“Handmaiden’s Fury” by JM Guillen

Grace Troxel 12 October, 2013 Book Reviews 5 comments

“Handmaiden’s Fury” by JM GuillenHandmaiden's Fury by J.M. Guillen
Series: The Paean of Sundered Dreams
Published by Irrational Worlds in 2012
Genres: Erotica, Fantasy, Horror/Gothic
Pages: 109
Format: eBook
Source: Purchased
Buy the BookGoodreads
Also in this series: The Herald of Autumn

 

I spent most of an afternoon drawn into JM Guillen’s free short fiction over at Irrational Worlds, and was quickly hooked by the rich and evocative worlds conveyed in just a few paragraphs.  Needing even more, I decided to try the novella Handmaiden’s Fury.

Handmaiden’s Fury is the story of a young priestess named Keiri.  She is a devotee of the goddess Rydia, whose grants power through sexuality.  Keiri’s power allows her to bond with people, control them, and even destroy.  Of course, it is not without personal cost, as the rituals to channel Rydia’s power involve a fair share of pain and submission.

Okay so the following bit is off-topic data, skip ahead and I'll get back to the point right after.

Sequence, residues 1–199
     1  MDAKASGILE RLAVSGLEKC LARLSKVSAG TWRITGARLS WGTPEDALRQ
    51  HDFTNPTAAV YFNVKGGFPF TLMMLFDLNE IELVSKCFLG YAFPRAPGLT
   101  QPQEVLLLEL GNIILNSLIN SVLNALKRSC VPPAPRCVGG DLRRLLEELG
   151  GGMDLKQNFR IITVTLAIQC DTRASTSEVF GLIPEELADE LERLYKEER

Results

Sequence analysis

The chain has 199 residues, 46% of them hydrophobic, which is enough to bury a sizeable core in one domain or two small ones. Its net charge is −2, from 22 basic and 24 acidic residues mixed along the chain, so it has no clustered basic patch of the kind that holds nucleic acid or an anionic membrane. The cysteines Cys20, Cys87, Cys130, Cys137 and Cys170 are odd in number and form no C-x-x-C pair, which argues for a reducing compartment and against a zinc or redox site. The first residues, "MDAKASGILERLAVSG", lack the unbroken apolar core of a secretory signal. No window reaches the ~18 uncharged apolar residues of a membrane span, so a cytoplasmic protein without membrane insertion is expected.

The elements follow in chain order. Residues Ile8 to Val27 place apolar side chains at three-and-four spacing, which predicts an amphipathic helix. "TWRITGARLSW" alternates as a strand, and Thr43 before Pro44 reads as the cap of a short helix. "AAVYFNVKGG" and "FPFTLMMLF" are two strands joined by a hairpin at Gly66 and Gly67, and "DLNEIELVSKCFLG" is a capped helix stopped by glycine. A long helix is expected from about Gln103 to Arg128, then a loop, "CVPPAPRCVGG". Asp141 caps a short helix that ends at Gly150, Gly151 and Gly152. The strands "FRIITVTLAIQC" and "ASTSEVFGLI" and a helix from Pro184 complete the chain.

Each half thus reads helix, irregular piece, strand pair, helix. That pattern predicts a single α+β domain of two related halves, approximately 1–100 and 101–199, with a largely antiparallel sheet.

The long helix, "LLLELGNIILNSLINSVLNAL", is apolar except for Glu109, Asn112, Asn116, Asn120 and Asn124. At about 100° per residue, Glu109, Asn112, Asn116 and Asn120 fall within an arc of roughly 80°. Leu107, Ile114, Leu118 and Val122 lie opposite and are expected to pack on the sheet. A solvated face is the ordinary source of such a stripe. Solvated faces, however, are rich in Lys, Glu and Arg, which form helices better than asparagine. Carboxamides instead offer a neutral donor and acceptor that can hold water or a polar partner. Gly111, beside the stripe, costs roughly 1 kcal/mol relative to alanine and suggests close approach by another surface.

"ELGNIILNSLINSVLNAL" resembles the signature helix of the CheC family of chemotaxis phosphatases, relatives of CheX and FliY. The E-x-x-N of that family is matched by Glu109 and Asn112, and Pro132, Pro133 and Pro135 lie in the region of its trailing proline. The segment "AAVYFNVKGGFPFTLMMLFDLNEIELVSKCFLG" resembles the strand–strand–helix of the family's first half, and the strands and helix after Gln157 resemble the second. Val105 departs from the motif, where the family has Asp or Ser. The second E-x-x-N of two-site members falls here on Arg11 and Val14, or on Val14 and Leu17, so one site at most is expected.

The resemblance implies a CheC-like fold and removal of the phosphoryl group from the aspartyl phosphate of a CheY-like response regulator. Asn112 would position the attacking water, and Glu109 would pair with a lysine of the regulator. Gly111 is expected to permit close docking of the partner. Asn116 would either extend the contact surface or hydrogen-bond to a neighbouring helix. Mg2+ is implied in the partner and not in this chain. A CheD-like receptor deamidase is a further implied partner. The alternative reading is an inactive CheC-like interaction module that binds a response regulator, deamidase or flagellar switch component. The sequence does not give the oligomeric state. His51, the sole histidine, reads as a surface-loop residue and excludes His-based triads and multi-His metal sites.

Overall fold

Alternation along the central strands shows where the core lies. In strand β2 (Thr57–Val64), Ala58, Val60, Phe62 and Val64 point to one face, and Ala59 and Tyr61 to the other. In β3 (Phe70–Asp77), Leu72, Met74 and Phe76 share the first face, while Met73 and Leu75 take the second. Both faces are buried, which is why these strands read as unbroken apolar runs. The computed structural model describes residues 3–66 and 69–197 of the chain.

When Keiri’s master discovers an evil sorcerer who smuggles slaves and ritually tortures innocent victims, he decides to use Keiri to put a stop the vile magic.  As he and Keiri work together to defeat their foe, Keiri realizes the depth of love and passion that she and her master share.

As with the short fiction at Irrational Worlds, I was immediately drawn into the story, which combines elements of horror, dark fantasy, and erotica.  Sexuality is an important part of the story, but is handled tastefully.  The bond between Keiri and her master is something to be treasured, and it keeps Keiri’s power from consuming anything in its path.  The magic system is unusual and well-developed, and the city in which the story is set seems like an organic part of a much larger world.  My only real complaint about Handmaiden’s Fury is that it didn’t come to a complete resolution, leaving me wanting more.  I hope that Guillen returns to Keiri’s story one day.


5 Responses to ““Handmaiden’s Fury” by JM Guillen”

  1. lynnsbooks

    I suppose the fact that it doesn’t seem to have been totally resolved suggests that the author might revisit at some point? Or as left it open as a potential??

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